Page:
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Ugandans Hope New Police Command Can Stem Crime


FILE - A policeman argues with a supporter of opposition leader Kizza Besigye at the gates of his party headquarters, before police who had surrounded it raided the building, in Kampala, Uganda, Feb. 19, 2016.

Uganda’s new police bosses have been given a big job — rebuild public confidence in an institution that has seen its image damaged by soaring crime.

Unsolved murders, including those of a police boss, a state prosecutor, Muslim clerics and women; attacks on residents, robberies and the recent killings of foreigners in hotels — that is the crime scene in Uganda. Police corruption compounds the problem.

With public frustration growing, President Yoweri Museveni last week named Okoth Martins Ochola as the inspector-general of police, with Brigadier Sabiiti Muzei as his deputy.

FILE - Uganda President Yoweri Museveni, center in military uniform, greets relatives of prison wardens during a graduation ceremony in the capital Kampala Thursday Jan. 18, 2018.
FILE - Uganda President Yoweri Museveni, center in military uniform, greets relatives of prison wardens during a graduation ceremony in the capital Kampala Thursday Jan. 18, 2018.

The reshuffle came just a few days after the kidnap and brutal murder of a young woman, whose captors warned her relatives not to call the police. One of the kidnappers was recorded saying we are working with the police and would know if the family sought help.

This was just one of many cases in which police have been implicated in crime. Only a few officers have been held to account for criminal activities. The police also have been seen working with militias and criminal groups during police operations, thus discrediting investigations.

One suspect, Juma Muyirwa confessed before journalists that many criminals work with the police.

He says police in patrol cars protect him and his comrades, and they were taken to a rich man’s house. When they got there, Muyirwa says the police handed us pangas (large knives) and told them to get to work attacking the residents. The police protect them, he says.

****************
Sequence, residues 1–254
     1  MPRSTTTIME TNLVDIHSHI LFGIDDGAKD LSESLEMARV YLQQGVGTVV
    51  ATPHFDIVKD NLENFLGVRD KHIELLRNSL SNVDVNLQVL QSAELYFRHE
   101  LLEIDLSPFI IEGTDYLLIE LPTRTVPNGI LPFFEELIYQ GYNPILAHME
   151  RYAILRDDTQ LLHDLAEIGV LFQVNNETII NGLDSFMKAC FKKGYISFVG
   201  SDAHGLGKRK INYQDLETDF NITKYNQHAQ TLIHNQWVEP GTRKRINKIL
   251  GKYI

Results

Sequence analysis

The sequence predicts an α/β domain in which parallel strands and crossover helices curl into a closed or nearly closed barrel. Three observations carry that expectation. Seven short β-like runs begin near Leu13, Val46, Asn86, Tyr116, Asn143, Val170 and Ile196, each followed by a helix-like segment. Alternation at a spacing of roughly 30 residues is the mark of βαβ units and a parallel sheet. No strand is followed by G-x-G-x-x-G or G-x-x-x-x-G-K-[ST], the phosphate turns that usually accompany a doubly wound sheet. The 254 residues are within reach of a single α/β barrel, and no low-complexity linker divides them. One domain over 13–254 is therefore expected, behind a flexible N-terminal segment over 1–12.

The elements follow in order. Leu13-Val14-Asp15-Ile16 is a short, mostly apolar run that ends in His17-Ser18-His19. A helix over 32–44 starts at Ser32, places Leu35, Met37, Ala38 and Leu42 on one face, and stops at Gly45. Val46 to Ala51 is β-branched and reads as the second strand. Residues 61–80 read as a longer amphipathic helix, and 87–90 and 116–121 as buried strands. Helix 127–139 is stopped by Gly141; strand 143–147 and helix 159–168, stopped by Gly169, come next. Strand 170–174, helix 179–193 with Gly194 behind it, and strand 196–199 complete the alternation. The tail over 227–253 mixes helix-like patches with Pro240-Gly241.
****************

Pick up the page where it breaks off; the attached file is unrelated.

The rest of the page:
President Museveni last week said the police have long been infiltrated by criminals.

With Ochola at the head of the force, many in Uganda now hope for greater security and accountability. He has been on the force 30 years and is seen as a disciplinarian. He also has served as a legal officer, which may indicate more criminal investigations will go through proper procedures.

His new deputy, Brigadier Muzei, comes from the military, where he had been commander of the military police.

Despite the allegations of corruption, police spokesperson Emiliano Kayima says the force provides security for all Ugandans.

“A few incidents that happened, that probably even threatened all of us, they are bad enough. But this is not to say that we are in disarray. In the near future, the new team that comes I am sure will have a road map. And we shall see if there are gaps that have been exploited by this criminality, it will be purged, but we are here to serve.”

However, political analyst Godber Tumushabe says he expects little change.

“I actually don’t think there is a change of guard. I think we are still at exactly the same point. Because, the chief security person in this country is President Museveni," he said. "So, as long as he is the president, commander in chief, I doubt if any of these guys have the ability to transform the security architecture of this country.”

For Ugandans, a new police administration focusing on the state will hopefully be reason enough to restore confidence in the police force.


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